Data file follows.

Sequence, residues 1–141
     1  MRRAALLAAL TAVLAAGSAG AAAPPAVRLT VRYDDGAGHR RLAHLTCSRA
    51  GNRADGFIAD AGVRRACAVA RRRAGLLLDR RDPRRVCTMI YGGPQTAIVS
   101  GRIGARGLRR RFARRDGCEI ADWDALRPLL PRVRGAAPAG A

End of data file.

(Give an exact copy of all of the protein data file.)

Sequence, residues 1–141
     1  MRRAALLAAL TAVLAAGSAG AAAPPAVRLT VRYDDGAGHR RLAHLTCSRA
    51  GNRADGFIAD AGVRRACAVA RRRAGLLLDR RDPRRVCTMI YGGPQTAIVS
   101  GRIGARGLRR RFARRDGCEI ADWDALRPLL PRVRGAAPAG A